What Can Be Done to Decrease Prescription Drug Abuse in Colorado?


“It’s a silent epidemic. People die one at a time. But, in 2013, overdose deaths were almost double the number of deaths related to drunken driving. And people have no idea.”

~Dr. Robert Valuck, PhD, Professor of Pharmacy at the University of Colorado Skaggs School of Pharmacy and Pharmaceutical Sciences, and Coordinating Center Director of the Colorado Consortium for Prescription Drug Abuse Prevention

In February of this year, Colorado Governor John Hickenlooper launched “Take Meds Seriously” a campaign that aims to lower prescription drug overdoses in the state. At the February news conference held at the University of Colorado Anschultz Medical Campus, Governor Hickenlooper said, “Colorado ranks 12th in the nation for abuse and misuse of prescription drugs.”

Working with The Colorado Consortium for Prescription Drug Abuse Prevention, the campaign focuses on the safe and proper use, secure storage, and disposal of unwanted or unneeded excess prescription drugs.

Frightening Statistics about Prescription Drug Abuse in Colorado

As dramatic as that may sound, further statistics tell the rest of the story:

  • Between 2003-2010, the rate of calls to local poison centers due to opioid abuse nearly quadrupled.
  • On average during the period 2011-2013, 7600 people in Colorado went to the emergency room every year because of drug overdoses. 86% involved prescription opioid painkillers.
  • In 2013, 35 Coloradans per month died because of prescription drug overdoses.
  • Accidental drug poisoning deaths skyrocketed 82% 2004-2013.
  • More than one out of every three drug poisoning deaths were due to prescription painkillers.
  • Overdose deaths due to prescription painkillers such as fentanyl, methadone, hydrocodone, oxycodone, codeine, and morphine more than tripled 2000-2013.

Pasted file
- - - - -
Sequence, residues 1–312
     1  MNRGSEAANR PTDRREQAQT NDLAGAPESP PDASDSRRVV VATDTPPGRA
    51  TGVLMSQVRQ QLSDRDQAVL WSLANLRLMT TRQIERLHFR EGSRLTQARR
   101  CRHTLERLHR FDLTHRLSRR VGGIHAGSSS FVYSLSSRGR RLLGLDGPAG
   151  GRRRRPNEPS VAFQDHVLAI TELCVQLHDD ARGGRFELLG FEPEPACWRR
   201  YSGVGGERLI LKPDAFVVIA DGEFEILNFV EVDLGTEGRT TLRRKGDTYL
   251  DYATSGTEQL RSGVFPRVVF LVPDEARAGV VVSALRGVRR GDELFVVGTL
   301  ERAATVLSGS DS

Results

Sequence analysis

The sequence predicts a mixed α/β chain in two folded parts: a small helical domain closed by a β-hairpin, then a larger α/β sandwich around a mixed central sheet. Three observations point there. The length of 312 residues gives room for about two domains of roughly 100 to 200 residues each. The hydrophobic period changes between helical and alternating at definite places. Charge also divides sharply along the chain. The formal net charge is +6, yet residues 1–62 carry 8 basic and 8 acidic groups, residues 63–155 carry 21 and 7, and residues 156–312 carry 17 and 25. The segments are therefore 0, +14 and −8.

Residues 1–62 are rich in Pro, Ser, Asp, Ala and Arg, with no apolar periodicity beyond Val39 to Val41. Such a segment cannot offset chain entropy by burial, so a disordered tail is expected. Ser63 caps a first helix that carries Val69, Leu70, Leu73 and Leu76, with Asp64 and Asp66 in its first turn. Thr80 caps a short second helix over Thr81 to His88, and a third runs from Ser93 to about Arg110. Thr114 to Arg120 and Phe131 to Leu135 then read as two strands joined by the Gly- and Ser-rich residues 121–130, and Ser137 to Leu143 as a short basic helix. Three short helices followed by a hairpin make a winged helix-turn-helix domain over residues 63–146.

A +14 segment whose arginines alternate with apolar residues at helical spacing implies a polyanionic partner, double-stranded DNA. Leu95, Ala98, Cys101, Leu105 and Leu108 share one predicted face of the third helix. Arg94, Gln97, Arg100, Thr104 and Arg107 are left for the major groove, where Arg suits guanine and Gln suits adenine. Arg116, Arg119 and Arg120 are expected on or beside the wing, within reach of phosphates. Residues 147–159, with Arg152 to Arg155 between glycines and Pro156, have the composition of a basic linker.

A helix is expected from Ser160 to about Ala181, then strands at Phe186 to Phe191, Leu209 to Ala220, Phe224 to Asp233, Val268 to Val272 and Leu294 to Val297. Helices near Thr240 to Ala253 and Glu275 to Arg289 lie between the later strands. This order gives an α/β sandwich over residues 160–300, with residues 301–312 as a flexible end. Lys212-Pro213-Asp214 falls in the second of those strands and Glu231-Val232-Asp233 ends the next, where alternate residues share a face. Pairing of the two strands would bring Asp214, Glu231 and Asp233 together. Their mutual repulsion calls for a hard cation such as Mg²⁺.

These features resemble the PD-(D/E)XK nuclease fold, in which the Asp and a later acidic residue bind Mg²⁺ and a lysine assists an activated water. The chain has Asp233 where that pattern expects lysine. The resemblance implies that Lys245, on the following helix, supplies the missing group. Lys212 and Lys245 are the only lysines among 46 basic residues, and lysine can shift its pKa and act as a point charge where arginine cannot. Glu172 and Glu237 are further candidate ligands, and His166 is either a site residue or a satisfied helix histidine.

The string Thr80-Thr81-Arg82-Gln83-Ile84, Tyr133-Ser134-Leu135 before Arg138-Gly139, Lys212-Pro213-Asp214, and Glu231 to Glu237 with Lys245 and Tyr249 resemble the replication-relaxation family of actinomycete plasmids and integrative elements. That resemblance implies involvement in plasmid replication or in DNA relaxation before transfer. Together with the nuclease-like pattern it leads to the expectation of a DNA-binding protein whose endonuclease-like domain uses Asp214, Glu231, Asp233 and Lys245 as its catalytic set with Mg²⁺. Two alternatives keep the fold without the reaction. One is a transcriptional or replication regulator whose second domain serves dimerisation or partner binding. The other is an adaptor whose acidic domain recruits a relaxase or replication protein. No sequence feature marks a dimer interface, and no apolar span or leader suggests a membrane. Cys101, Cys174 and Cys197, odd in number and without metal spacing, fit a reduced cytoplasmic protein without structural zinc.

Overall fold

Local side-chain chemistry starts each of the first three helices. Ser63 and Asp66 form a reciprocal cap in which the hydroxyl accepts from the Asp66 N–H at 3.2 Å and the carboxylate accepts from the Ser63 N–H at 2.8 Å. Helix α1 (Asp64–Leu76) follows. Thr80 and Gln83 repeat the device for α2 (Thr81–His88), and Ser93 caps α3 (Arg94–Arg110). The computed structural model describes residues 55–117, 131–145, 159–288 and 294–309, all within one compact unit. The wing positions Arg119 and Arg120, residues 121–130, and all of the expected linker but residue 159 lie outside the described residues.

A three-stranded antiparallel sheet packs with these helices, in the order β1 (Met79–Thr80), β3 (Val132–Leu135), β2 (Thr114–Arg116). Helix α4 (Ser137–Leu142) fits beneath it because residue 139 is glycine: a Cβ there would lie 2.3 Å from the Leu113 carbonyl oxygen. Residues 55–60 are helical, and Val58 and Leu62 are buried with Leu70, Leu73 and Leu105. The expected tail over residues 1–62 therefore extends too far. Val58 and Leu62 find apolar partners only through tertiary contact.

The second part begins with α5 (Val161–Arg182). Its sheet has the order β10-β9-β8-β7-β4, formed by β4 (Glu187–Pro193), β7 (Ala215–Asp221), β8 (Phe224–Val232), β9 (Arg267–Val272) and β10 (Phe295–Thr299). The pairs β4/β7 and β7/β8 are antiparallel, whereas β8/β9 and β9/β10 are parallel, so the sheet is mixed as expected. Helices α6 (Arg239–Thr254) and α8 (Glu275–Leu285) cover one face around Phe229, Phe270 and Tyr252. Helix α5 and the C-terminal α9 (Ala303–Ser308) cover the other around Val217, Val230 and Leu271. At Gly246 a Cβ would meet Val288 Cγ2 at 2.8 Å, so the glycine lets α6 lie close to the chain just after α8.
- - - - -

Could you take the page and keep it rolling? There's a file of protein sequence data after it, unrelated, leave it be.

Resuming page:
• 224,000 people in Colorado misuse prescription drugs every year.
  • According to a 2014 survey by the National Research Center, Inc. 40% of adults in Colorado misuse medicine, one-third for recreation.
  • One out of every four Coloradans report using pain medications in a manner not prescribed by their physician.
  • 29% of Coloradans have used prescription painkillers that were prescribed for someone else.
  • 42% of Colorado teenagers say that it’s “easy” to steal prescription drugs from their parents, saying that it’s “easier to get than beer”.
  • One out of every seven Colorado high school students has taken a prescription medication without a prescription. Among Colorado high school seniors, that number rises to one out of every six.

Not “If” Something SHOULD Be Done, but “What” IS Being Done about Prescription Drug Abuse in Colorado

It is obvious, that, as is the case in the rest of the country, that Colorado is facing a considerable challenge – how to deal with what the Centers for Disease Control and Prevention call a “prescription painkiller overdose epidemic”.

Luckily, the state of Colorado and various organizations around the state have been taking proactive steps to stem the tide, and, they are already seeing some positive results. For example –